3rd OMC expert group meeting - Accessible and inclusive culture (Phase I)

22/23rd November 2011,
Brussels, Belgium

Organiser: European Council

Logo European Council“Can access to culture be broadened in times of severe public funding cuts?” “Do the differences in the public funding systems for culture across the EU prevent useful recommendations on increasing participation in culture through policy measures?” These were some of the questions which experts from 16 EU countries raised at their third meeting to exchange examples of initiatives to increase participation in culture or access to culture.

Presentations featured the work of the national network of Audience Development Agencies in the UK ‘Audiences UK’, the efforts of Theatre des Bernardines in Marseille, the educational initiatives of the Amsterdam Concertbouw, the cooperation of the education services of the Irish Council of national cultural institutions, several initiatives of the German federal and regional levels, as well Belgian literacy initiatives, and initiatives for education to culture from Slovenia.

With only two more formal meetings of the group planned, work on a good practice manual has begun. The manual will argue why access to culture matters and refer to authoritative political documents. Several members pointed out that access to culture should be presented as a democratically and socially legitimate objective – any self-justification of culture should be avoided. The manual will distinguish between target groups and outline consecutive action possibilities: removing barriers (physical, economic, attitudinal, educational) then reaching out (educational initiatives, ‘out from the institutions into society’, cooperation with NGOs, digital outreach). Questions about implementation and evaluation methods will also be raised. Practice examples presented by the members of the group will be inserted in the manual.

“What can be achieved with the manual?” is obviously exercising the participants of the working group. Some already fear “We won’t be strong enough to make political demands.” How the manual will be distributed, what the EU Cultural Affairs Council and the Member governments will make of it, whether it will even be translated – lots of questions are still open, but the experts nevertheless work out of a deep personal conviction that it is nothing less than ‘civilisation’ at stake.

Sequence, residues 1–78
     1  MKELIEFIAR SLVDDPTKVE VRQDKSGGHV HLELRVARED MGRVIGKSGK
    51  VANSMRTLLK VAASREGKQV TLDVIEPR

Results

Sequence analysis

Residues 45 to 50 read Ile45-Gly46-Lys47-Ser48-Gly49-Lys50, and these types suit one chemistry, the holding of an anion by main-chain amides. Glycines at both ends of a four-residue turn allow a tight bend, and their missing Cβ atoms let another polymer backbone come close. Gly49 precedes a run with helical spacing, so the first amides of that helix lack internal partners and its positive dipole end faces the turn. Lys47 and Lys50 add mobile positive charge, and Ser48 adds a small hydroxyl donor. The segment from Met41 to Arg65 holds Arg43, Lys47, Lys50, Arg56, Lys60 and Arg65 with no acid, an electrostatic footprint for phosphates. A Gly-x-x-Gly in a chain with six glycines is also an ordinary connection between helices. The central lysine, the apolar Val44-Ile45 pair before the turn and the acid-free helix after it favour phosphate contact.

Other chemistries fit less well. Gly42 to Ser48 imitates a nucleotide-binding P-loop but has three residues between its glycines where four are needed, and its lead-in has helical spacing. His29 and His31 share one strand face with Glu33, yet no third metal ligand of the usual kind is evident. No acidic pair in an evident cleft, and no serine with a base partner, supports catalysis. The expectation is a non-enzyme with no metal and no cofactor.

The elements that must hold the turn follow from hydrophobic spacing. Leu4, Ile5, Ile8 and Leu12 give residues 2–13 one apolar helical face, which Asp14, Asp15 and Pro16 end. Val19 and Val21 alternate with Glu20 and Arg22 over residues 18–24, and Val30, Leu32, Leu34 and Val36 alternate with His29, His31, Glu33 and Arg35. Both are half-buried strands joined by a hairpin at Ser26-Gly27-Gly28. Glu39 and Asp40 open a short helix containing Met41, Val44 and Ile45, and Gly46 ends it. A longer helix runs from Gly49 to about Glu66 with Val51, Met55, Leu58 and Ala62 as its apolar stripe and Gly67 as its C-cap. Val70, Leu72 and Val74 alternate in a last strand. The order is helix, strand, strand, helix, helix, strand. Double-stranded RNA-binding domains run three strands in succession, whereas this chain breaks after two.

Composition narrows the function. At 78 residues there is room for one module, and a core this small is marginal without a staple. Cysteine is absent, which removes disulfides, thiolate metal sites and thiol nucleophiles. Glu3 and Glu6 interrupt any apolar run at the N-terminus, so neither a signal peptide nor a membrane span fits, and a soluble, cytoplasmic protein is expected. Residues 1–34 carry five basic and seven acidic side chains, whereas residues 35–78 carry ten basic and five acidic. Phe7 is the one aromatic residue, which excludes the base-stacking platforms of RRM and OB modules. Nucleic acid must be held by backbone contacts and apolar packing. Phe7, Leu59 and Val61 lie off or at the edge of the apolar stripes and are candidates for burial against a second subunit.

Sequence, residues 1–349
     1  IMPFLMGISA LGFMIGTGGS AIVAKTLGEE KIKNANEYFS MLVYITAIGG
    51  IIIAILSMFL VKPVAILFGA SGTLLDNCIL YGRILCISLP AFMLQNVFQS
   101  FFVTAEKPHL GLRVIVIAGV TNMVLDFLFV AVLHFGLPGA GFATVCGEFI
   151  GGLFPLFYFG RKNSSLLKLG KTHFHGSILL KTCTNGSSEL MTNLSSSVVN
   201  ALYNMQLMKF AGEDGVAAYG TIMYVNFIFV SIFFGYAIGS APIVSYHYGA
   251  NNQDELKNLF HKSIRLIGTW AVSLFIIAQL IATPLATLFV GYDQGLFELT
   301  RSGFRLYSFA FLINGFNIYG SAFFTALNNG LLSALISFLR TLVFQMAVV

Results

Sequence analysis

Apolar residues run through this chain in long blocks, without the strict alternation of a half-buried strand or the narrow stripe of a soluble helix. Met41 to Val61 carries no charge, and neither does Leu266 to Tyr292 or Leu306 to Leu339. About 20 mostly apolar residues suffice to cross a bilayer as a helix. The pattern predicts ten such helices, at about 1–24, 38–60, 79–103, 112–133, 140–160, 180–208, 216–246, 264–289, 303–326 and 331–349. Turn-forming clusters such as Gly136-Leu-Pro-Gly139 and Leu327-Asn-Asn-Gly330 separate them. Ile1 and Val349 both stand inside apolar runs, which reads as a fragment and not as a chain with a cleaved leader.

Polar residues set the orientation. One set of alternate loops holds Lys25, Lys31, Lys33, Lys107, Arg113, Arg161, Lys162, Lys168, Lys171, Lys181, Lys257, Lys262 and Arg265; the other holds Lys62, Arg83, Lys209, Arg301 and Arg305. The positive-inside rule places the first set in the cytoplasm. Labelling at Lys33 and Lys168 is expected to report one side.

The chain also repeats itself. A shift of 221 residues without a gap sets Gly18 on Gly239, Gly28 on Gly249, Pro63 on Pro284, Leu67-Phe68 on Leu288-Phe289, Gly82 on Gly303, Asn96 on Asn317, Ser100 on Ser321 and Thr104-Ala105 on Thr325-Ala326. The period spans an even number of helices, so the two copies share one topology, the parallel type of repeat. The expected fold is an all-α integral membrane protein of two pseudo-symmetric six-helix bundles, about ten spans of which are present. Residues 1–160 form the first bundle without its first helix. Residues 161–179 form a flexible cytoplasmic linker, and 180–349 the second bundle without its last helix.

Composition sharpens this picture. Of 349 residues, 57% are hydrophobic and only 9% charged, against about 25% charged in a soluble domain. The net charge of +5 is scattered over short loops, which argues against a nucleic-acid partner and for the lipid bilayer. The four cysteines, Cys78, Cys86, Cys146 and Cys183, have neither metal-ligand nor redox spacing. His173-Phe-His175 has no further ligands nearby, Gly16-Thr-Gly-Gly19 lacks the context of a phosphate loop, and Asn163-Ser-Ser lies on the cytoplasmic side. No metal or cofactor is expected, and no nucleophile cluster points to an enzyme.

The groups is due to turn to the topics “cultural diversity and intercultural dialogue” probably in the autumn of 2012 (possibly with a changed composition). Some examples of how public cultural institutions relate to minorities and people with a migration background did already appear in the general discussion on access to culture:

  • “Maximise” – new ways to engage minorities/migrants (Audiences UK)
  • Curve Theatre, Leicester (UK) – built an audience which is now majority non-white
  • “Community Ambassador Tours” Chester Beatty Library (Ireland) – representatives of ethnic communities work as guides for their own communities
  • Jewish Museum in Berlin – tackles the topics of contemporary migration and integration on the back of work on German-Jewish history
  • “Home in the Head” – mobile theatres going to schools and creating performances with pupils of Turkish origins who have mostly never been to a theatre (Lower Saxony, Germany). The project began during the 2008 European Year of Intercultural Dialogue and continues.

Presenters already offered some important conclusions from the initiatives they presented, which might be the basis for recommendations:

  • Ownership of initiatives: When initiatives come from funding bodies (e.g. arts councils) or public authorities, they nevertheless need to be ‘owned’ by the arts institutions that implement them.
  • Longevity: Single projects don’t change institutions.
  • Motivation for change: Some cultural institutions are content with their elite audiences.
  • Authenticity: Artists do not need to betray their practice by reaching out. But that they see people as ‘actors of cultural production’ rather than as spectators/consumers is necessary.

The 4th meeting of the OMC expert group is due to take place on 5/6th March 2012.

Written by Sabine Frank on behalf of Platform for Intercultural Europe
January 2012

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